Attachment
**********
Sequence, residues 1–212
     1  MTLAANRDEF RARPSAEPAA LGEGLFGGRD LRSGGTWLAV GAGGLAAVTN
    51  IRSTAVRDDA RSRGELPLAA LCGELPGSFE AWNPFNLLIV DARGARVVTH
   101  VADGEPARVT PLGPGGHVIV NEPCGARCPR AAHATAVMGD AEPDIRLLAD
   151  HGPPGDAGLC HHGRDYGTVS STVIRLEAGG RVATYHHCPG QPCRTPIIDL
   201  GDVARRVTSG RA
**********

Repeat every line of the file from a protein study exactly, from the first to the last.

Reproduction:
Sequence, residues 1–212
     1  MTLAANRDEF RARPSAEPAA LGEGLFGGRD LRSGGTWLAV GAGGLAAVTN
    51  IRSTAVRDDA RSRGELPLAA LCGELPGSFE AWNPFNLLIV DARGARVVTH
   101  VADGEPARVT PLGPGGHVIV NEPCGARCPR AAHATAVMGD AEPDIRLLAD
   151  HGPPGDAGLC HHGRDYGTVS STVIRLEAGG RVATYHHCPG QPCRTPIIDL
   201  GDVARRVTSG RA